Metro-North Railroad and the Long Island Rail Road are in the process of implementing the technology, which includes the installation of on-board components for 1,455 rail cars and transponders alongside 588 route miles of track. In November 2013, the MTA awarded a contract to a joint venture of Bombardier Transportation and Siemens Rail Automation to act as a systems integrator that will provide the design, furnish equipment and ensure that the system functions as intended. LIRR and Metro-North forces and some third party contracts will support installations of wayside, office, communications and on-board equipment. Installation of positive train control on Metro-North territory in the State of Connecticut will be funded by the Connecticut Department of Transportation.
The loan is the largest to have been made through the FRA’s Railroad Rehabilitation and Improvement Financing Program and remains subject to MTA Board Approval on April 29 and final closing in May. The MTA will issue its Transportation Revenue Bond directly to the Federal Railroad Administration and will repay the obligation over 22½ years at a fixed interest rate of 2.38 percent. MTA’s Transportation Revenue Bonds are rated “AA-” from Standard & Poor’s, “A2” from Moody’s, and “A” from Fitch.
U.S. Rep. Charlie B. Rangel said, “Nothing is more important than ensuring the wellbeing of New Yorkers. I applaud Governor Cuomo’s commitment to improving safety measures on Metro-North and LIRR, so that all commuters in our great State can ride knowing they are in secure hands.”
U.S. Rep. Eliot Engel said, “MTA services are an indispensable part of my constituents’ everyday lives. Thousands of commuters rely on the MTA daily to travel to work, home or school. They expect – and should receive – a safe train ride. Implementing positive train control is a critical step making this expectation a reality. The tragedies that occurred at Spuyten Duyvil in 2013 and in Westchester earlier this year may have been avoided if this life-saving technology had been in place. While we cannot assuage the pain and grief that these accidents have caused, we can make every effort to create a better railroad moving forward. I applaud the DOT and the Federal Railroad Administration for recognizing the need for this technology in the MTA system, and am very pleased that all rail travelers can experience a safer ride.”
U.S. Rep. Nita Lowey said, “I’m pleased that MTA’s application to install positive train control technology has been approved by the Federal Railroad Administration. Securing this funding would help ensure that disastrous events like the December 2013 Metro North accident never happen again. Over the last year, I have worked tirelessly to highlight the need for additional resources to help commuter railroads install PTC, and I will continue to work with federal and state officials to ensure that MTA gets the resources it needs to keep its riders safe.”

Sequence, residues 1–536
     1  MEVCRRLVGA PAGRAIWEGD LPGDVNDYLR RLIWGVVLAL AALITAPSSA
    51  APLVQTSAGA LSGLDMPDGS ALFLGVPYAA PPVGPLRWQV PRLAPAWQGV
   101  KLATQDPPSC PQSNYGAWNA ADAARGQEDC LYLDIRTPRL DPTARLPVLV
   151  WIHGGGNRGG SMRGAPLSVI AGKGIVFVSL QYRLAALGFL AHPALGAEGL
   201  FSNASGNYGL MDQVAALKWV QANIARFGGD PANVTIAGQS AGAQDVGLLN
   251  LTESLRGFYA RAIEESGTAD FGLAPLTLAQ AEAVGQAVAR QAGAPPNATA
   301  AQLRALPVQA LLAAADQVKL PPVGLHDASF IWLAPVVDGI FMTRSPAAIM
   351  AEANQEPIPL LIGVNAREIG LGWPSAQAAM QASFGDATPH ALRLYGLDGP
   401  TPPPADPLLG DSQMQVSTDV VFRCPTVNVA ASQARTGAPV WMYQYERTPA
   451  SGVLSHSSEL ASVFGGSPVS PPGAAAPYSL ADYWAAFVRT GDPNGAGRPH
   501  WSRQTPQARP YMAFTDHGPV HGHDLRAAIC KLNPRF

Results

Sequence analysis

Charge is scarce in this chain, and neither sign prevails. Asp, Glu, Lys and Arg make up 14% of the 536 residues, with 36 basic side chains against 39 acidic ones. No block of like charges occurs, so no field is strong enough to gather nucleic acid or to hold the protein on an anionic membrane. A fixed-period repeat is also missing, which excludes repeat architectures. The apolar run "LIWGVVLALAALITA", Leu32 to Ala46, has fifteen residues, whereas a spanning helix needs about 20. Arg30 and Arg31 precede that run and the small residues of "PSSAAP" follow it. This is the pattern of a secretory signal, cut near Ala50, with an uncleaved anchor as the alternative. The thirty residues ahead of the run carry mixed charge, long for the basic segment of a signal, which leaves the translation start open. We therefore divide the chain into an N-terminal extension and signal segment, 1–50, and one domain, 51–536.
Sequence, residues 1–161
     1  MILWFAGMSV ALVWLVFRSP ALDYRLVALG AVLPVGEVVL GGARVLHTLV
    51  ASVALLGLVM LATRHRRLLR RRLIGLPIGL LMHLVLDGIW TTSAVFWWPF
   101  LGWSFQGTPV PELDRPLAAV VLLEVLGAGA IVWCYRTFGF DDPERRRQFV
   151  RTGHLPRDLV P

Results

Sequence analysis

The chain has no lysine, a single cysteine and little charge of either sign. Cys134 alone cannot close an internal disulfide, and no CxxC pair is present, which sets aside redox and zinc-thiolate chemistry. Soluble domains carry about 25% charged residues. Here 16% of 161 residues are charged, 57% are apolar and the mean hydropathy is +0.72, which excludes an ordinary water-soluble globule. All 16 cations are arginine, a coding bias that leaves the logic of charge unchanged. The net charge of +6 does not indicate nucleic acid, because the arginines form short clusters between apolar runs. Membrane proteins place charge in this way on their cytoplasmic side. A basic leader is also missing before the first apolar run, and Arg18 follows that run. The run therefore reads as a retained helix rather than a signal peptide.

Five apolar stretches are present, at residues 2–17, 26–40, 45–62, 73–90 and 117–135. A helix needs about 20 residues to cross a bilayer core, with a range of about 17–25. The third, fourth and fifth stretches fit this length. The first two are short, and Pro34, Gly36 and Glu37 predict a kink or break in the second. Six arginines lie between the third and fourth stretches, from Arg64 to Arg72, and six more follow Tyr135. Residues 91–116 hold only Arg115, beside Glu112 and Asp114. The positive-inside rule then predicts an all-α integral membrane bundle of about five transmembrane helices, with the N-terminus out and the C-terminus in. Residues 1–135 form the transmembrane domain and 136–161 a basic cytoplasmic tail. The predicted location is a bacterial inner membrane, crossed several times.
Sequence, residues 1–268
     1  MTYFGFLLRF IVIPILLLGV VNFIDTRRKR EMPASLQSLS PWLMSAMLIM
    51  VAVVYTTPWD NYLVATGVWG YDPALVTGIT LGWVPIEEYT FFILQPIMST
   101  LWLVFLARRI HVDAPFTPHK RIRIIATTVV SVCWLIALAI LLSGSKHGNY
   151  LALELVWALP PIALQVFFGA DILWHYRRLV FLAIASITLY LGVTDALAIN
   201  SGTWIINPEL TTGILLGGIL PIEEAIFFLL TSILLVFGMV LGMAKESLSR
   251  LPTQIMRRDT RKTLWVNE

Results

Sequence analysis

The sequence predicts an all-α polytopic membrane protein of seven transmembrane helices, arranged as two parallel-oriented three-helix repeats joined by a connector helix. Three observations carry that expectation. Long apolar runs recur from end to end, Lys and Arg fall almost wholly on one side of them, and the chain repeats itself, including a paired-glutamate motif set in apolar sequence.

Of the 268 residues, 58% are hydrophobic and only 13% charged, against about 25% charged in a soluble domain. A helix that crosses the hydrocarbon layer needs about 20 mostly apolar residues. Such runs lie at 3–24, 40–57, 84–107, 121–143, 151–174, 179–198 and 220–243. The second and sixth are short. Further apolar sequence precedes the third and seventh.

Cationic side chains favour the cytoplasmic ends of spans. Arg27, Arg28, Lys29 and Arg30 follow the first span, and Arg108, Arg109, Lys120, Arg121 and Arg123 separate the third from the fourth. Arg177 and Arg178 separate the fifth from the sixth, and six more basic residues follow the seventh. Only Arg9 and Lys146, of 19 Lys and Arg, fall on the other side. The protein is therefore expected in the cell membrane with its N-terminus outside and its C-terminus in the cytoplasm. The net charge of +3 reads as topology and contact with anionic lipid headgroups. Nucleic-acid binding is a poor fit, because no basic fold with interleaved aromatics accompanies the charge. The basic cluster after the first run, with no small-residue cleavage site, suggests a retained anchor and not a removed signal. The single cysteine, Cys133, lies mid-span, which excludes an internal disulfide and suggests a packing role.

U.S. Rep. Gregory Meeks said, I’d like to thank Governor Cuomo for prioritizing the modernization and improvement of the Long Island Railroad and Metro-North Railroad’s 1500 railcars and hundreds of miles of track along our country’s busiest commuter rail system. This unprecedented investment of nearly $1 billion in the LIRR and Metro will improve safety for riders public, transit workers for decades to come.”
U.S. Rep. Steve Israel said, “This federal loan is a vital step to improving railway safety. I applaud the Metropolitan Transportation Authority and Department of Transportation on their hard work to secure this loan, and I will continue to fight for federal resources for critical New York infrastructure.”
The MTA is close to securing final federal approval of a nearly $1 billion loan to install technology on its commuter trains that could have prevented the 2013 Metro-North derailment in the Bronx in which four people died.
Positive train control technology provides a new layer of protection in case of human error, since it can automatically slow or stop a train.
Metro-North Railroad and Long Island Rail Road won approval from a committee of the Metropolitan Transportation Authority (MTA) Board of Directors on Monday, Nov. 17, 2014 to award contracts totaling $34.6 million for the purchase of inward- and outward-facing cameras in the cabs of their rail fleets.
A total of 2,064 rail cars and locomotives will be outfitted under the base, 36-month contract, which the full MTA Board will consider for approval on Wednesday, Nov. 19.
The Metropolitan Transportation Authority yesterday (Sept. 23) published a proposed $32 billion, four-year capital program designed to invest in safety and reliability measures for its subways, commuter railroads, buses, bridges and tunnels.
Proposed for 2015 through 2019, the program would “renew, enhance and expand” the MTA network, which moves 8.7 million riders each day, authority officials said in a press release.